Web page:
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Ruffin’s renderings: Live forever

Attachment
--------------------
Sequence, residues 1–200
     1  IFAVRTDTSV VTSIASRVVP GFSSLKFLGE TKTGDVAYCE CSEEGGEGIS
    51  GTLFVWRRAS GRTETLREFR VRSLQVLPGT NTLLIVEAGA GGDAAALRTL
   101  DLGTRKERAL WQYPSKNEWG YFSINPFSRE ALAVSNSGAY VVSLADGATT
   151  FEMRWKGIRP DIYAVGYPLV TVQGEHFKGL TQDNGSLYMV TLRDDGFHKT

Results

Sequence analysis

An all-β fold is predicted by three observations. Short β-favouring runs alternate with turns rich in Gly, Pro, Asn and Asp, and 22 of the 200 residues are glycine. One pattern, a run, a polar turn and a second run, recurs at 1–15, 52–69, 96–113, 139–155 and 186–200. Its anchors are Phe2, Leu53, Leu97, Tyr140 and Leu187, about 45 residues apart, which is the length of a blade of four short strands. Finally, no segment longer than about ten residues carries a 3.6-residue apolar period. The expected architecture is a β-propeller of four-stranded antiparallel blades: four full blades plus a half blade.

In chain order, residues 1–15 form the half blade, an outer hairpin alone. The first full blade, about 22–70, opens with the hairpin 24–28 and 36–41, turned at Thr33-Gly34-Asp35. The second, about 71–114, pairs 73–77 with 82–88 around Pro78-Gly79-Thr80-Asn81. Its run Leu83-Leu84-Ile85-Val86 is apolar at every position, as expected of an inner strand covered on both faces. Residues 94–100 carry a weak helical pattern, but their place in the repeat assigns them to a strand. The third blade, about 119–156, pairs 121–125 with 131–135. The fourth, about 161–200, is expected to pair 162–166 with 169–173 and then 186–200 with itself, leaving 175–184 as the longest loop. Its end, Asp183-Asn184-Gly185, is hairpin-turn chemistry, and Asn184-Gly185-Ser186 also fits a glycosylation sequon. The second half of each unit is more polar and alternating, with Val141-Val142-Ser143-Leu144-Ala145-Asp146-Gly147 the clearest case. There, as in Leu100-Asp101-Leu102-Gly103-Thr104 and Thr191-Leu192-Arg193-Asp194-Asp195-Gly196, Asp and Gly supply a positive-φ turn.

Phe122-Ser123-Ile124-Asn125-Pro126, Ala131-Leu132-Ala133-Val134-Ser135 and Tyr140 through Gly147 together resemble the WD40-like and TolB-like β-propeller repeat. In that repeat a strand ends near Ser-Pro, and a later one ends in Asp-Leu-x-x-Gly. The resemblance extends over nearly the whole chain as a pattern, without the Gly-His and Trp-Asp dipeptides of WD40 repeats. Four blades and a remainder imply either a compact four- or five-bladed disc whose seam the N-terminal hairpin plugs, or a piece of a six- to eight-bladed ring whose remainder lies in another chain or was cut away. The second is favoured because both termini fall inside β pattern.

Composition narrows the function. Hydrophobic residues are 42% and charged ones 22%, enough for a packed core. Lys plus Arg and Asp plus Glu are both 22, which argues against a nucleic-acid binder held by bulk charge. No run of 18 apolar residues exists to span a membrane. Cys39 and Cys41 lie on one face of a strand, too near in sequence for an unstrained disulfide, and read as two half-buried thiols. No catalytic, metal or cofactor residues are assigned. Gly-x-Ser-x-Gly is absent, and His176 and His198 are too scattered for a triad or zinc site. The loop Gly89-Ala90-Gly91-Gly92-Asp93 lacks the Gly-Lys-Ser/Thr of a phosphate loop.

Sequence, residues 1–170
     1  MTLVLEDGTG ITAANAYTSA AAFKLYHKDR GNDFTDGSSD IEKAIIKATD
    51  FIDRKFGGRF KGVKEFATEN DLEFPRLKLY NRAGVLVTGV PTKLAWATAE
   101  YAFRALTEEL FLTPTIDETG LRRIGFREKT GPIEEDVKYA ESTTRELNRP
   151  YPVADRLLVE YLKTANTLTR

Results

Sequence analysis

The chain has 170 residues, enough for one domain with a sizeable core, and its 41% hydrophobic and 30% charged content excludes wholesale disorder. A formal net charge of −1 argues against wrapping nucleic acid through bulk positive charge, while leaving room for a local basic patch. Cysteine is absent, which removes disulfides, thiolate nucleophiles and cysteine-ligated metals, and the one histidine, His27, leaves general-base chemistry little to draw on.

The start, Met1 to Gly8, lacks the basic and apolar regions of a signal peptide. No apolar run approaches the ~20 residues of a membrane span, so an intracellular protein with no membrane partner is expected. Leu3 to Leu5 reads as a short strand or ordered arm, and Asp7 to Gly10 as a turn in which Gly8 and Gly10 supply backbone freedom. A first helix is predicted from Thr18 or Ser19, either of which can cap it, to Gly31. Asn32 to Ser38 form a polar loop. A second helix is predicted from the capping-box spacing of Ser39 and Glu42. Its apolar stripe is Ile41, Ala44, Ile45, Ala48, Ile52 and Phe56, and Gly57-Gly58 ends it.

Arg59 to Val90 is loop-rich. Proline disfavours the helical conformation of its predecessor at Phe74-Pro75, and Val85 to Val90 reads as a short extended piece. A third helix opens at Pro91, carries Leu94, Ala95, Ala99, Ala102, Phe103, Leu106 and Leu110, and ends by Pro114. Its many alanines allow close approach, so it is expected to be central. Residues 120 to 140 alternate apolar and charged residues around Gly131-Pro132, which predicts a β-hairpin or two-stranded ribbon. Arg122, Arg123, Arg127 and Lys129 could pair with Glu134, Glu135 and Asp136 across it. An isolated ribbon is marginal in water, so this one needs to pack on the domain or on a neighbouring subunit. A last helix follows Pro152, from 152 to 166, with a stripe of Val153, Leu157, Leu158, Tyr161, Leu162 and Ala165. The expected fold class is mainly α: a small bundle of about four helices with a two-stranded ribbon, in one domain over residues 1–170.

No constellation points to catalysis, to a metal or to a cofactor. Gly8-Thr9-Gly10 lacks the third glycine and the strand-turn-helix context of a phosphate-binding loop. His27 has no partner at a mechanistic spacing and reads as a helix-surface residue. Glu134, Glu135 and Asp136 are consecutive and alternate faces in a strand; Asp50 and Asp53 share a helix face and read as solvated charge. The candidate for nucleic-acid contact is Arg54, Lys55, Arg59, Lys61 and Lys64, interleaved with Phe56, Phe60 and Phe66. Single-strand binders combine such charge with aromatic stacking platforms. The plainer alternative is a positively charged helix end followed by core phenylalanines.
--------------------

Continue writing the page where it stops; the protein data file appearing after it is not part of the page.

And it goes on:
By Mike Ruffin Hank Williams died in 1953, Buddy Holly in 1959, Patsy Cline in 1963, Sam Cooke in 1964, Otis Redding in 1967, Janis Joplin in 1970, Jim Croce in 1973, Elvis in 1977, and John Lennon in 1980. They were all popular singers who died at a relatively young age. Some of them were also fine songwriters. Many other popular musicians have died young. I’m sure I left out some of your favorites. I left out some of mine, too. Now Glenn Frey is gone. He was 67 when he died on Jan. 18. There was a time when I wouldn’t have thought of 67 as young, but now that I can see it just 10 years over yonder way, I do. This one hurts. Frey was a founding member of the Eagles. Don Henley and he were the two constants in the band that provided much of the soundtrack for my high school and college years. From ‘Take It Easy’ (1972) to ‘Long Run’ (1979), the Eagles’ songs played in the background as my friends and I tried to navigate adolescence and move into adulthood. Those records were good companions. Here’s a very partial list of the songs that Frey co-wrote: ‘The Best of My Love,’ ‘Desperado,’ ‘Hotel California,’ ‘I Can’t Tell You Why,’ ‘Life in the Fast Lane,’ ‘Long Run,’ ‘Lyin’ Eyes,’ ‘New Kid in Town,’ ‘One of These Nights,’ ‘Take It Easy,’ ‘Take It to the Limit,’ and ‘Tequila Sunrise.’ They’re all great songs. ‘New Kid in Town,’ which Frey cowrote with Henley and J.D. Souther, may be the closest thing to a perfect pop/rock song ever produced. My favorite Eagles’ song is ‘After the Thrill is Gone,’ which is on their 1975 album One of These Nights. Frey sang lead on the track, which seems at first listen to be about a dying love, but which also reflects the tensions that success was breeding in the band. Even as a teenager, I heard it as a song about the frustration that accompanies living: ‘What can you do when your dreams come true, and it’s not quite like you planned?’ the song asks. It ends with these words: ‘Same dances in the same old shoes; you get too careful with the steps you choose. You don’t care about winning but you don’t want to lose, after the thrill is gone, after the thrill is gone.’ I’ve always heard the song as a caution against allowing life to become stale and dull. So I haven’t. I suspect that if classic rock stations still exist in a hundred years, they’ll still be playing the songs that Glenn Frey co-wrote and on which he played and sang. I know that if I have any memory in my geriatric years, I’ll be rocking (double meaning intended) to the songs of Glenn Frey and the Eagles. Glenn Frey will live for as long as the world continues. That’s because he will live on in his songs. Now, before some of y’all get your halos twisted in a knot, let me say that I do believe in everlasting life. I believe in heaven. I’m just saying that there are also other ways to live on, and one of those ways is through the contributions we make to people’s lives. I’m grateful for the contributions Glenn Frey made to mine. As long as I and many others can remember, listen, and think, he’ll live on. We can’t all be successful singers and songwriters. But we can all make a contribution to the lives of our families, our friends and our community. We can all share our love. How will you live forever? Michael Ruffin is curriculum editor for Smyth and Helwys Christian publishers and a native of Lamar County. He has served Baptist churches in Fitzgerald, Adel and Augusta. Ruffin also has served as Associate Professor at the School of Religion at Belmont University. He preaches at The Rock Baptist Church at 11 a.m. on Sunday.

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